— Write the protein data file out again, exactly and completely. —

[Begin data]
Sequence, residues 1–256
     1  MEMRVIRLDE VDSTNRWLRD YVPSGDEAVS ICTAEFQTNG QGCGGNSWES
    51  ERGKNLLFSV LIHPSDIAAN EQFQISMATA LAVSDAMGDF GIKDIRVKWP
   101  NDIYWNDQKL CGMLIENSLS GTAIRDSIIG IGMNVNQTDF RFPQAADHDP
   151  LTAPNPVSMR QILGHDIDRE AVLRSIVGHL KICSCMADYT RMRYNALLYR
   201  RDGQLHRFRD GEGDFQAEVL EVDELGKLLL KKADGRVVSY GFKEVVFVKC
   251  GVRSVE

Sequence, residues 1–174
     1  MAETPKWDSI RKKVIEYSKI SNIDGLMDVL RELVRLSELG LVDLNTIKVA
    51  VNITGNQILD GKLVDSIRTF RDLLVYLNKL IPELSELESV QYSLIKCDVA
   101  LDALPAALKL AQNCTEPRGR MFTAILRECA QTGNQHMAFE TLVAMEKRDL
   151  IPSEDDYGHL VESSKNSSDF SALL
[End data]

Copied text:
Sequence, residues 1–256
     1  MEMRVIRLDE VDSTNRWLRD YVPSGDEAVS ICTAEFQTNG QGCGGNSWES
    51  ERGKNLLFSV LIHPSDIAAN EQFQISMATA LAVSDAMGDF GIKDIRVKWP
   101  NDIYWNDQKL CGMLIENSLS GTAIRDSIIG IGMNVNQTDF RFPQAADHDP
   151  LTAPNPVSMR QILGHDIDRE AVLRSIVGHL KICSCMADYT RMRYNALLYR
   201  RDGQLHRFRD GEGDFQAEVL EVDELGKLLL KKADGRVVSY GFKEVVFVKC
   251  GVRSVE

Sequence, residues 1–174
     1  MAETPKWDSI RKKVIEYSKI SNIDGLMDVL RELVRLSELG LVDLNTIKVA
    51  VNITGNQILD GKLVDSIRTF RDLLVYLNKL IPELSELESV QYSLIKCDVA
   101  LDALPAALKL AQNCTEPRGR MFTAILRECA QTGNQHMAFE TLVAMEKRDL
   151  IPSEDDYGHL VESSKNSSDF SALL